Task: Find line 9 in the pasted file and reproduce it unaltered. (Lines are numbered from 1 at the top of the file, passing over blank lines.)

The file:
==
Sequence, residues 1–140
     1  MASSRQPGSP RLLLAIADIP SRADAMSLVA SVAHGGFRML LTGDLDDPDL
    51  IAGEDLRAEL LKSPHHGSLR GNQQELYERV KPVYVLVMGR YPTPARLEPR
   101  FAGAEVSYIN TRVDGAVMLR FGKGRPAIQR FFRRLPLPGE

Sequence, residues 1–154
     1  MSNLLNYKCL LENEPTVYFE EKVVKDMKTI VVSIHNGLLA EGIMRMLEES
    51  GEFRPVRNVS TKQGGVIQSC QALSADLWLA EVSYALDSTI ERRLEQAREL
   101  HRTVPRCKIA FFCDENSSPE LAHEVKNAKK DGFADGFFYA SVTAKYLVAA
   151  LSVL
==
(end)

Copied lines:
   151  LSVL